With regard to freedom of association, anyone with an employment contract, including a migrant worker, enjoyed the constitutionally guaranteed right to join a trade union.

With regard to the employment of non-citizens and stateless persons, it had been suggested that there was a contradiction between paragraphs 345 and 346 of the report. The fact that there was no separate legislation in Brcko District did not mean that migrants working there enjoyed less protection, since the Law on Non-Citizens’ Movements, Residence and Asylum was directly applicable in the District.

All labour and social rights were regulated by the employment contract, which specified the number of working hours, the wage or salary to be paid, the amount of leave entitlement and the conditions governing termination of the contract. Employers were required to register all employees for social security purposes. Migrant workers were thus entitled to a pension and to disability, health and unemployment insurance. Where bilateral agreements had been signed, migrant workers’ social insurance contributions were combined with contributions made in their country of origin or in countries where they worked after leaving Bosnia and Herzegovina. Families of migrant workers were also entitled to health care on an equal footing with nationals of Bosnia and Herzegovina.

If an employment contract was terminated and the migrant worker was not to blame, he or she would be entitled to unemployment benefit. The same legislation was applied throughout Bosnia and Herzegovina. Coverage for 8 months was required during a calendar year or alternatively for 12 months, with interruptions, over a period of 18 months. In cases where a bilateral social insurance agreement had been signed, such rights also depended on the duration of the insurance period in the country of origin. Where the period of cumulative employment was less than 10 years, migrant workers were entitled to 35 per cent of their average salary before termination of the contract; where the period exceeded 10 years, they were entitled to 45 per cent thereof. While receiving unemployment benefit, migrant workers and their families continued to enjoy health insurance coverage and retained their pension entitlements. Some social insurance agreements provided for the right to reimbursement of social security contributions if migrant workers returned to their country of origin after termination of the contact. Migrant women, even those who were unemployed, enjoyed the right to maternity leave and to special pregnancy and childbirth care.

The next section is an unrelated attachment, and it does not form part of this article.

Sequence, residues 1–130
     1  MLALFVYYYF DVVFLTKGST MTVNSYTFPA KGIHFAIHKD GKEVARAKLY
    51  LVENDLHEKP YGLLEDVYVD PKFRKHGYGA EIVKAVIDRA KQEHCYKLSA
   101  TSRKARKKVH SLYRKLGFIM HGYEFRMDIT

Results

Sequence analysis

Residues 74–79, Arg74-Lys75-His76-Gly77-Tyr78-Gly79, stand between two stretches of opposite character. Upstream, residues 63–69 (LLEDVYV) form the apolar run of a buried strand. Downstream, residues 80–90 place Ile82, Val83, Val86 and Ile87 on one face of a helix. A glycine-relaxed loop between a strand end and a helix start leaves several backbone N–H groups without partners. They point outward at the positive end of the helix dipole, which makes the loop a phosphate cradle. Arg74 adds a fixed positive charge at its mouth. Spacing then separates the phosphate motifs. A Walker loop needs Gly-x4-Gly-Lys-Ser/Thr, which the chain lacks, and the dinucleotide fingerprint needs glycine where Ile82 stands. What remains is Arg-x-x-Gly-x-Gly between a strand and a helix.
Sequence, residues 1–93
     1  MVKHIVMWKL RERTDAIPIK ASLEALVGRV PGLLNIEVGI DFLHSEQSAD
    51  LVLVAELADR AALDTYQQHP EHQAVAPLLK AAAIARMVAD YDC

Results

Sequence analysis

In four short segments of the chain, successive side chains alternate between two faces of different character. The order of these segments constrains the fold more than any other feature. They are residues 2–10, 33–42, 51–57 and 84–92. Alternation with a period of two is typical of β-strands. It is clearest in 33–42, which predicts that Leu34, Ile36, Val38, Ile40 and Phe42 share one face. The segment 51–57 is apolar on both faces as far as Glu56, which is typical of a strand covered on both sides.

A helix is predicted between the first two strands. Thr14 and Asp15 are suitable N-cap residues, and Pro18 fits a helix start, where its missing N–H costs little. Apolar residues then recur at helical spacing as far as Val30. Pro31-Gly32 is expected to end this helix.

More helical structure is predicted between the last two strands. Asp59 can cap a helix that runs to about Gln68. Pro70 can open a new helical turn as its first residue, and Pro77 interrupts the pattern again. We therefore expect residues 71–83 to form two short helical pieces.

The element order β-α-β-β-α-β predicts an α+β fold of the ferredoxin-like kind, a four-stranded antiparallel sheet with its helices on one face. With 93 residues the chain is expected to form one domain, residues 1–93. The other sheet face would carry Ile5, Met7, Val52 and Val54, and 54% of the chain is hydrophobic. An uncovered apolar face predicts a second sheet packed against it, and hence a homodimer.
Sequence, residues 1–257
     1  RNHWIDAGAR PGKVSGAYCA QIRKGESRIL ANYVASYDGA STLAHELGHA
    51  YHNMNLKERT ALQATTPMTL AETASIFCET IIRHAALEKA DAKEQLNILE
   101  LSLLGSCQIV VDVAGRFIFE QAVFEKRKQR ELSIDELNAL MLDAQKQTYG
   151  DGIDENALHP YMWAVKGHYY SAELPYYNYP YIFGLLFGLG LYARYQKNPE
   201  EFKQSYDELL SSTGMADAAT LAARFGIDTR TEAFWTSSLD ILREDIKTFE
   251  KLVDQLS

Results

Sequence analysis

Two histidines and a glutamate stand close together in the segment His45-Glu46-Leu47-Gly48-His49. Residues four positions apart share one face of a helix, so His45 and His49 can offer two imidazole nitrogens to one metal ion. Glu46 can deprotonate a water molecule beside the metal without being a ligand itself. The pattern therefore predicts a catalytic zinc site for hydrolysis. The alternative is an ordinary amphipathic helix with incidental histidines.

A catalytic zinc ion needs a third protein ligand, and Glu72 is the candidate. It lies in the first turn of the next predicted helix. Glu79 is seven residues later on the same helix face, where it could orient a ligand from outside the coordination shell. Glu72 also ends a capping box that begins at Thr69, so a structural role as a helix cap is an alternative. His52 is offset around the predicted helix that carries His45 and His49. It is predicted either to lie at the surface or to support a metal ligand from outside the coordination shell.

Ms. DJURIJA (Bosnia and Herzegovina) said that banks imposed a ceiling of about 30,000 marka, which was equivalent to about €15,000, on remittances. Nationals of Bosnia and Herzegovina working in other countries could apply for exemption from customs duty when importing their personal belongings.